If Spending $13 Million In Stolen 1MDB Funds Over A Period Of Three Days In Vegas Is Wrong, The Prime Minister Of Malaysia's Stepson Doesn't Wanna Be Right

Same goes for backing The Wolf Of Wall Street with said funds.
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Not Riza, but could be. (Getty Images)

Not Riza, but could be. (Getty Images)

Say what you will about the $3.5 billion Malaysian development fund fraud, but it apparently afforded Prime Minister Najib Razak's stepson, Riza Aziz, a sweet three-day weekend in Vegas and brought Jordan Belfort's boiler room scamto the big screen.

More than $3.5 billion traveled a trail of fraud from Malaysia through a web of shell companies, fueling a spending binge on Monet paintings and luxury real estate in the U.S. and Britain, with at least $700 million flowing back into accounts controlled by Malaysia’s prime minister. Along the way, some of the money was handled by international banks including Goldman Sachs Group Inc., JPMorgan Chase & Co., Standard Chartered Plc and Deutsche Bank AG. Some of the money funded a Hollywood blockbuster, “The Wolf of Wall Street.” The stepson of Malaysia’s prime minister and associates sent more than $13 million to a Las Vegas casino for three days of gambling for a group that included an unidentified film actor whose description matches that of the film’s star, Leonardo DiCaprio.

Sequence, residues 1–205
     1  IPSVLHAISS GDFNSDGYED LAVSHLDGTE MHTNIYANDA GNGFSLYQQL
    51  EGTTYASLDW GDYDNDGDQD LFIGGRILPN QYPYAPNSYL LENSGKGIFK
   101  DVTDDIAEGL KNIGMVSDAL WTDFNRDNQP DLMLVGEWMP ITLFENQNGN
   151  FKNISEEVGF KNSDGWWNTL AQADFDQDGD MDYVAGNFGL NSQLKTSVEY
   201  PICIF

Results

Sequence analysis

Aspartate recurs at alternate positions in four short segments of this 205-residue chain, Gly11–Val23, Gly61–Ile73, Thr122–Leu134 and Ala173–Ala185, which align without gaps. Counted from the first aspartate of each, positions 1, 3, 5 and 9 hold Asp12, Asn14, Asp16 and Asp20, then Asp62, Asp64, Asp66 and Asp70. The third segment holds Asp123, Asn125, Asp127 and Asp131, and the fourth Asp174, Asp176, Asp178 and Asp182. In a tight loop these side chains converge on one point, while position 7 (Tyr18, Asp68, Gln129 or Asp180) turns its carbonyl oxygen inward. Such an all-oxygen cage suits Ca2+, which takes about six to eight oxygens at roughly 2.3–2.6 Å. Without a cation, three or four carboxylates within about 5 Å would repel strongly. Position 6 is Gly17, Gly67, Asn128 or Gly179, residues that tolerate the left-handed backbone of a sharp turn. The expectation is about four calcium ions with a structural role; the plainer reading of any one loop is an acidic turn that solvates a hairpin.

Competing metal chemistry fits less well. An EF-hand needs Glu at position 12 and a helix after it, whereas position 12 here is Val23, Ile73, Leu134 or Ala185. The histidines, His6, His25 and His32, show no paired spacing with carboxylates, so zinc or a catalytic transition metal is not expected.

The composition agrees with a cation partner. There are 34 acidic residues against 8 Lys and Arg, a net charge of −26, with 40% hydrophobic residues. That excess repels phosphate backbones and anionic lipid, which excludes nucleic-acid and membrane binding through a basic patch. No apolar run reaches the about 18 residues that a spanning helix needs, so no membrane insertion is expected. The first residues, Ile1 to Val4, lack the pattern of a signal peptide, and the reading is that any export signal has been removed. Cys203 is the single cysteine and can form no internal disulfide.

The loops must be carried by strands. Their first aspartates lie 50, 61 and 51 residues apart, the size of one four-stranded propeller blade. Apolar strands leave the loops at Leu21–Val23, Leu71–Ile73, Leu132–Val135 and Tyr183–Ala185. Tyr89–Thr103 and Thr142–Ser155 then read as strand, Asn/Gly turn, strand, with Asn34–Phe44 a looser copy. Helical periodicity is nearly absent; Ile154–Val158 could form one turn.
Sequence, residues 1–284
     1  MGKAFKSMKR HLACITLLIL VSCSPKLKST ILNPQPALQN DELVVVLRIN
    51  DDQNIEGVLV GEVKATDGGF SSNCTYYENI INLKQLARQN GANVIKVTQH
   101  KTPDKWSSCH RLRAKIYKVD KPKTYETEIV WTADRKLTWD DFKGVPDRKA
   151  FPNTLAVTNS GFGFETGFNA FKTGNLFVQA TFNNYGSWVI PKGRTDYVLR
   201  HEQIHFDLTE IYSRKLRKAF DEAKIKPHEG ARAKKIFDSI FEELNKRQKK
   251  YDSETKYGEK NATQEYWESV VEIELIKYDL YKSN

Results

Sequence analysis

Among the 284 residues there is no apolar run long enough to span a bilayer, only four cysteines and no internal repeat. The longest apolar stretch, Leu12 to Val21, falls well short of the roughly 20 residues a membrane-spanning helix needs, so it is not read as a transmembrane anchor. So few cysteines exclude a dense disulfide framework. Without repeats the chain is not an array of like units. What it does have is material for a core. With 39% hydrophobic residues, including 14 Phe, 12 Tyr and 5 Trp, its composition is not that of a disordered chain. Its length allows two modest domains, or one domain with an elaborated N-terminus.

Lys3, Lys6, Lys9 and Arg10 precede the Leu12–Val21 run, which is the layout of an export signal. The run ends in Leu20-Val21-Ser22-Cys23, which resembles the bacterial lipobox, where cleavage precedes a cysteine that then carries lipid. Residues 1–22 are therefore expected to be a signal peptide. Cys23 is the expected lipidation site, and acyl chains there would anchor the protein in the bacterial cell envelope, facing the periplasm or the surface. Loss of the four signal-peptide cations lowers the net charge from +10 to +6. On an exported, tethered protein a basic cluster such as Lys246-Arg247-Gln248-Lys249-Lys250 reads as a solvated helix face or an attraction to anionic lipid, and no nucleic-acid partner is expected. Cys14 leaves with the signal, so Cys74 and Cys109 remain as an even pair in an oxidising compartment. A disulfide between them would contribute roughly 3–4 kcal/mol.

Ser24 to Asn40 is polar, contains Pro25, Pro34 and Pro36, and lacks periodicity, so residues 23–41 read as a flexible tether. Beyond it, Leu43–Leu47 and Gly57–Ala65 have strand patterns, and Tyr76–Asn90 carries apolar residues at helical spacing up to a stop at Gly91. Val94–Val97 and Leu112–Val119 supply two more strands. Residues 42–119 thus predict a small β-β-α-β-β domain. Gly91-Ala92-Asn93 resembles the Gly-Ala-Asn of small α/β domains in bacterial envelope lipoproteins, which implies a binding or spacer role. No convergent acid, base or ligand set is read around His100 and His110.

U.S. Maps 1MDB Fraud Trail From Kuala Lumpur to Hollywood [Bloomberg]

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Leonardo DiCaprio And Jonah Hill Are Learning How To Be Corrupt Stock Brokers At Bank Of America

For their roles in "The Wolf of Wall Street," based on the memoir by Jordan Belfort, who spent 22 months in a federal prison for running a pump-and-dump scam out of brokerage firm Stratton Oakmont. An inside source at Bank of America Merrill Lynch tells us the actors received some real-life experience for their roles in the Martin Scorsese -directed film by shadowing employees at the One Bryant Park location Tuesday morning. We hear that DiCaprio, who plays New York stock broker Jordan Belfort in the movie, trailed an employee on the fifth floor of the corporate and investment bank, which is the stock-trading floor. Hill, who plays the best friend and business partner of DiCaprio's Belfort, shadowed “a lower-level, yet successful derivative sales associate.” Both actors left before lunchtime, but a second source close to the film, in which DiCaprio’s character refuses to cooperate in a fraud case involving Wall Street corruption and mob infiltration, tells us they have plans to return Wednesday. [NYDN]